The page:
This is a review of Ben Opipari's Songwriters on Process website. Opipari has a PhD in Language and Literature, and he created this website in 2010 as an ode to "the creative process of the songwriter," and as a resource for professional and novice musicians to investigate the generative and writing processes musicians actually employ when designing music. On this website, we can explore dozens of interviews with musicians from various musical backgrounds and gain unique insights into their creative and writing process. Opipari's background and love of writing, language, and literature stem from his preoccupation with music, song lyrics, and steadfast diet of concerts. There are links provided to Opipari's popular publications to further establish his ethos.
The songwriters on process website is a digital space for music fans and musicians to explore and learn about how a variety of musicians are creating new music. Much like the New York Times' Writers on Writing series, the Songwriters on Process website can facilitate cogent discussions about a variety of writing studies topics like genres, discourse communities, and methods for research. Composition and writing faculty particularly interested in process pedagogy and writing about writing curriculums can utilize this website to facilitate rhetorical and pedagogical discussions about invention strategies, approaches to drafting, revising, and delivery, multimodal composing, and ethnographic and qualitative research concepts, examining the database of interviews as a digital artifact, a set of data nodes, and a subjective narrative at the same time.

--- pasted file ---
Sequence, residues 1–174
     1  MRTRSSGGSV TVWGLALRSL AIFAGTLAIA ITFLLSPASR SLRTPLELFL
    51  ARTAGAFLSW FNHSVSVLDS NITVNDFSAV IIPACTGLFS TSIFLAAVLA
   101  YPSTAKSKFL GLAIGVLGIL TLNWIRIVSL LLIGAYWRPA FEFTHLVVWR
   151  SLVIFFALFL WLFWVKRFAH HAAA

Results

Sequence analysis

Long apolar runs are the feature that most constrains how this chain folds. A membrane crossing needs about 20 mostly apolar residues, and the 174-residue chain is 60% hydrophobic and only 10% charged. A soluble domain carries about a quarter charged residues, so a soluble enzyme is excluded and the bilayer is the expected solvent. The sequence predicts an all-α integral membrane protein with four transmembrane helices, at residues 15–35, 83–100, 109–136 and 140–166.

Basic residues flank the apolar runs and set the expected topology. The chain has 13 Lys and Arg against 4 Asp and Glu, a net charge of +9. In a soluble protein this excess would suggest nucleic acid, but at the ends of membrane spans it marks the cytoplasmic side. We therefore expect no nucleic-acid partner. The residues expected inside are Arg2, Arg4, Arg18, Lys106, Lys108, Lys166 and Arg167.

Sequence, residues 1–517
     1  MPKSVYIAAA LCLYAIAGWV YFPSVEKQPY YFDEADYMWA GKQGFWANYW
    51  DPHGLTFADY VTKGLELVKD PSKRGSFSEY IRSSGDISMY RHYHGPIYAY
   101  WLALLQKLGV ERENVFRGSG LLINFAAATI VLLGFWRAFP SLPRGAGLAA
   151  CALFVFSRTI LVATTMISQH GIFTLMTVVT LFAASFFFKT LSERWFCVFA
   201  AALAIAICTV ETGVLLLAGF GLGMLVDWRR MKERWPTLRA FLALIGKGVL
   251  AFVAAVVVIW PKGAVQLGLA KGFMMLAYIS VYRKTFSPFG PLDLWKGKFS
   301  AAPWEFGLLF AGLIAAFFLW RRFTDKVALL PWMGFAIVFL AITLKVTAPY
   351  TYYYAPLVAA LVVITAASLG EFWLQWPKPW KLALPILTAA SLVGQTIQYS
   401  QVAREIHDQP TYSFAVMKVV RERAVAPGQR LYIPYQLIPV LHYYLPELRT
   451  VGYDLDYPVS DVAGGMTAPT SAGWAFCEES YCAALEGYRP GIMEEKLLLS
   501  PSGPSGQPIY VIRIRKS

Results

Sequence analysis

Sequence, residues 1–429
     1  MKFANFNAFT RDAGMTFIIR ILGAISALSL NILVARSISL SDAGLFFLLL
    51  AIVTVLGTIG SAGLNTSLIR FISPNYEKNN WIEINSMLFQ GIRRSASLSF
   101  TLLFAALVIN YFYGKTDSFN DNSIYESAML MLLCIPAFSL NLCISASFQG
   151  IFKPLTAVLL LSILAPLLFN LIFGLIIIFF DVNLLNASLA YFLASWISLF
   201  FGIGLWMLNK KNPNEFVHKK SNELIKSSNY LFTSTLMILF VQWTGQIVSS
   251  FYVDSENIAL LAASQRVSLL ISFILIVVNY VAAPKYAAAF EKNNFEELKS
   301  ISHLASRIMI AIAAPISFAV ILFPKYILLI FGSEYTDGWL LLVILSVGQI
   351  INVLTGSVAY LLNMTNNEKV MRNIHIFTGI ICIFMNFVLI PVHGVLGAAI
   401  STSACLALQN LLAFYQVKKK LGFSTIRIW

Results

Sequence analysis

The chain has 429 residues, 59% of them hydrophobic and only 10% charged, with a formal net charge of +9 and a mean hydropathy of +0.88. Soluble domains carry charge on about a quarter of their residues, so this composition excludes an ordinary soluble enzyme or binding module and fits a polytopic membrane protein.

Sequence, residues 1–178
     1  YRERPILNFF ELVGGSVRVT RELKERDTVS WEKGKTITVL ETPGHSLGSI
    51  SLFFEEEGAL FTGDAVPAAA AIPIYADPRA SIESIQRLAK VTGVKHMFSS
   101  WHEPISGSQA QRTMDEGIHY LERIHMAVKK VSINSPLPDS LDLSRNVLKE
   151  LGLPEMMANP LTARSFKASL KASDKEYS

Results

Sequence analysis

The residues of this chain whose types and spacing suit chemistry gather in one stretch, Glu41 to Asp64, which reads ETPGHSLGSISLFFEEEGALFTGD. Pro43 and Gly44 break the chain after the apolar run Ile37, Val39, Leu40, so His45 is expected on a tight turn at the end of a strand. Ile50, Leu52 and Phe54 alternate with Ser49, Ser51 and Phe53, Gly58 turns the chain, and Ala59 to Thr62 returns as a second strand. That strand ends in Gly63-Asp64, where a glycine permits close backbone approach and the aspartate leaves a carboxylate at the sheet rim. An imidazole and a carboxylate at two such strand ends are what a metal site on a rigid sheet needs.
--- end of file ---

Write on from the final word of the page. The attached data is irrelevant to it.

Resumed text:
I was particularly interested in reviewing this website because I am both a musician and a writing instructor who implements process-pedagogy in to my writing courses. My composition students conduct a think-aloud study on their composing process like the one Carol Berkenkotter (1983) employed to study Donald Murray's process and the one Sondra Perl (1979) implemented to study the composing processes of unskilled writers. In addition to reading scholarly texts about the writing process from Mike Rose, Janet Emig, and Charles Bazerman to prepare for this autoethnography, students read how several popular writers like Anne Lamott and Stephen King consider and negotiate the writing process.
Examining how musicians formulate music provides student writers and makers, learning how to build and develop their ideas in words, sounds, and images, with a set of unique examples of a multimodal composing process. Studying the composing and generative processes of musicians, and connecting these processes to writing studies is especially valuable in our multimodal culture. Students can learn about the composing processes and generative strategies for media and print content they are familiar with and relate it back to writing studies if giving the opportunity and taught how to make these connections. Like scholarship and other forms of professional writing, writing music is messy and it requires a sophisticated process. Scholars interested in multimodal literacies, such as Jody Shipka, Cheryl Ball, Jeff Rice, and Cynthia Selfe, encouraged a comprehensive investigation and analysis of a multimodal composing process that involves text and sound as a means to develop and explore multiliteracies. Writing instructors can ask students to consider how musicians combine words and sounds to create multimodal texts, and how that process is similar and different from print strategies for writing. Students can analyze and discuss how drafting, feedback, and revising function when designing multimodal texts. I had a student in my course publish a paper on the composing process that compares the revision strategies of musicians with the revision strategies of writers to see what they can learn from each other, so there are significant benefits for students who study multimodal composing processes.